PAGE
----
I think we’re going to see an explosion in more analytics and intelligence pushed out to the patient-facing APIs for self-triage management and escalation, as opposed to today where it comes across to the server side and we [health systems] have to manage it and triage it...I think it will be more proactive than reactive.
[In the future] if you check my data and you’re able to combine it with lifestyle data and other pieces of information that will add insights and value to my information beyond what my provider portal can do, then I am intrigued.
Operational and Technical Features of Patient-Facing Application Programming Interfaces
Among the eight health systems with operational patient-facing APIs, we summarize key features of their operational and technical approaches and implementation decisions (). APIs can allow patients to access data (read) or provide data (write). All eight of these health systems had read APIs in operation. Although seven had at least some write capability, mostly focused on patients’ home device data, these implementations of write API functionality were variable, with some offering it only to a subset of invited patients rather than to all patients. There was also variation in whether patients could write data directly to the EHR or whether health system review and approval were required to authorize the data to be written into the EHR.
|Category and status||Organizations, n|
|Types of APIsa that are operational|
|Read and write||4|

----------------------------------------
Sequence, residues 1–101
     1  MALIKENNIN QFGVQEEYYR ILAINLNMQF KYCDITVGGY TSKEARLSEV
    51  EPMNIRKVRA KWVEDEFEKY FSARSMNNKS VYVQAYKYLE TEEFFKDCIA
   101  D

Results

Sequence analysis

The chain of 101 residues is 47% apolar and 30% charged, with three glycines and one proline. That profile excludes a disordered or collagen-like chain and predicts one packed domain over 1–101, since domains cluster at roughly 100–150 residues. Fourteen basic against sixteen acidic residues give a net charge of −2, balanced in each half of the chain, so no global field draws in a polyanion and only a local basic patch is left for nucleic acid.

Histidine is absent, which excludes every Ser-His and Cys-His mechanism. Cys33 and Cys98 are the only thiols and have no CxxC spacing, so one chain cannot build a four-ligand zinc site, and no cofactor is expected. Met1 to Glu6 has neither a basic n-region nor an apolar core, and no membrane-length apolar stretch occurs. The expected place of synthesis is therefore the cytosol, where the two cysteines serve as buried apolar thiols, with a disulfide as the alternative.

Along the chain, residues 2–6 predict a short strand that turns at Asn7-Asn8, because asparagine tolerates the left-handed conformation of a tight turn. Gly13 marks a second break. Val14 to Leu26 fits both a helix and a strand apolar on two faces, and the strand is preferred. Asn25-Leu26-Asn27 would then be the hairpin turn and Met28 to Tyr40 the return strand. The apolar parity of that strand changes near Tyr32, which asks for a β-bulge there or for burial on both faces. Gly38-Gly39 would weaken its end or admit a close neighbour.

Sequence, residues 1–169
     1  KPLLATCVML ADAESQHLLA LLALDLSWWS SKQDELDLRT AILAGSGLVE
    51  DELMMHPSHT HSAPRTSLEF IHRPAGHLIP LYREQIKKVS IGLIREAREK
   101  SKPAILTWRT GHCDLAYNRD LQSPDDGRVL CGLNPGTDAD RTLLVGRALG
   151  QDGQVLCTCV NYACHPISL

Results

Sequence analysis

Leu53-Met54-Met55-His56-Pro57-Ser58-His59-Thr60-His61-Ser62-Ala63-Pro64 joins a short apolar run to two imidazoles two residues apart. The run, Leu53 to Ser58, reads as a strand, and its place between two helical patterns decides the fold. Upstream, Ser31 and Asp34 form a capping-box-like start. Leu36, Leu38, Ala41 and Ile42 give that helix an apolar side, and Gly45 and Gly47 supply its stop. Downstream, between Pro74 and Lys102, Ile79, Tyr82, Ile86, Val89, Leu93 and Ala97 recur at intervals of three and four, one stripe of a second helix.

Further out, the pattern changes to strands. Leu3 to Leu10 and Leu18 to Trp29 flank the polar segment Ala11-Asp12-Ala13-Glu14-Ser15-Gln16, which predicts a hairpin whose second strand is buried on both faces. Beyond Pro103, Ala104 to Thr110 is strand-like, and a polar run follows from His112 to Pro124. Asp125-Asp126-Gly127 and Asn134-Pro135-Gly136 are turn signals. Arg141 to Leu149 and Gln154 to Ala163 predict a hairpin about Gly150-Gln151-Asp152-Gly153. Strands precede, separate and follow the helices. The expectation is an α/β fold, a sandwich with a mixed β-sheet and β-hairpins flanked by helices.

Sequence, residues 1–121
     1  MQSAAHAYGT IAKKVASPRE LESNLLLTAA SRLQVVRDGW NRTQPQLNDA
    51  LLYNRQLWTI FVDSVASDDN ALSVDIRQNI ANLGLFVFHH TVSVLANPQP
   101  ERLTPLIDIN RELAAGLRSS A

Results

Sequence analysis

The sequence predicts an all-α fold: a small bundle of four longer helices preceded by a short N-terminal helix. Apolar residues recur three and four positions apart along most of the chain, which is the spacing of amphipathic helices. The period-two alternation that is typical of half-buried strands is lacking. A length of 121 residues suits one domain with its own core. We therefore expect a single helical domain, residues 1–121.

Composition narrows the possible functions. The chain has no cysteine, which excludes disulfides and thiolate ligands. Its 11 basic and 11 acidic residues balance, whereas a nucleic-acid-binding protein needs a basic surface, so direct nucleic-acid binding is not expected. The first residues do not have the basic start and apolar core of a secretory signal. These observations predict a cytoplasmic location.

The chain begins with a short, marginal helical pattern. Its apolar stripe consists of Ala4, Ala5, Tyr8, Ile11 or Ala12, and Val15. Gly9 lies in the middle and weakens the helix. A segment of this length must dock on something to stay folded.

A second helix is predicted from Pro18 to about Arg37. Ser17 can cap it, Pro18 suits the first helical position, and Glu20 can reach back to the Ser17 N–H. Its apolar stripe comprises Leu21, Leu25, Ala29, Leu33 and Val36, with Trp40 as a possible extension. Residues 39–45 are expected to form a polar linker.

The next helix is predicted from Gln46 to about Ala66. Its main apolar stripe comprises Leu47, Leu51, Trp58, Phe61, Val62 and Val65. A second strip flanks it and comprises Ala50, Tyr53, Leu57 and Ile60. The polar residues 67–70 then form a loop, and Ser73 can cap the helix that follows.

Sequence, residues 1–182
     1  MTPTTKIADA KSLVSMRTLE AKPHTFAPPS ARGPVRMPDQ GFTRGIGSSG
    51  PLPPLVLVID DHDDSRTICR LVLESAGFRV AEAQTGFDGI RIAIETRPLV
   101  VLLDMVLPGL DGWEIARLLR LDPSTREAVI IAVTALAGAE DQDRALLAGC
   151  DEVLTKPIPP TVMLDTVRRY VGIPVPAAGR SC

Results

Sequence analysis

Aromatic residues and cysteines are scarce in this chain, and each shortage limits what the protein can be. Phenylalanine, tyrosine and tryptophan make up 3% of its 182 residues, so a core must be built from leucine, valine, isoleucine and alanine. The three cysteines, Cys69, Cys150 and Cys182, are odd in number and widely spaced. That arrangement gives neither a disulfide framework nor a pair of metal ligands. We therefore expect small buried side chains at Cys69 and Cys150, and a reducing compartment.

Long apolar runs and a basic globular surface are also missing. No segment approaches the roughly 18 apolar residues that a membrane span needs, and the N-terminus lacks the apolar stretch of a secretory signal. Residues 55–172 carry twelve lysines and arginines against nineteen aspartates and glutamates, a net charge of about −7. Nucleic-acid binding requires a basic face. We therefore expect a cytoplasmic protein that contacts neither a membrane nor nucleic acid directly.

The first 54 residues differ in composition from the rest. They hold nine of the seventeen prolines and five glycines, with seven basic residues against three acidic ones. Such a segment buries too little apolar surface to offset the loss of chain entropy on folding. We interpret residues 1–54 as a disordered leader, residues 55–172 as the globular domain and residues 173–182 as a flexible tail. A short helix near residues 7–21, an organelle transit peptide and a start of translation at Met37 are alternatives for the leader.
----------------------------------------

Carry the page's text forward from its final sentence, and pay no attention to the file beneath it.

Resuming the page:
|Read with limited access to write||3|
|White List: Health-System managed||4|
|White List: EHRb vendor managed||4|
|Availability of API documentation|
|From EHR vendor||4|
|From health system||2|
|No documentation available||2|
|Patient communication about APIs|
|Patient-facing APIs explained on health system website||2|
|System charges or plans fees to patients for use||0|
|EHR vendor charges system fees for patient-facing API use||0|
aAPI: application programming interface.
bEHR: electronic health record.
cAlthough covered entities and their business associates under the Health Insurance Portability and Accountability Act may not charge patients a fee for electronic access to their health information through certified EHR technology—for example, to view, download, transmit, or access the health information through a patient-facing API—we still asked about actual practices in the field given the public reports and concerns about the fact and amount of fees being charged. Unlike this access, covered entities may charge patients a reasonable, cost-based fee for an electronic copy of their health information .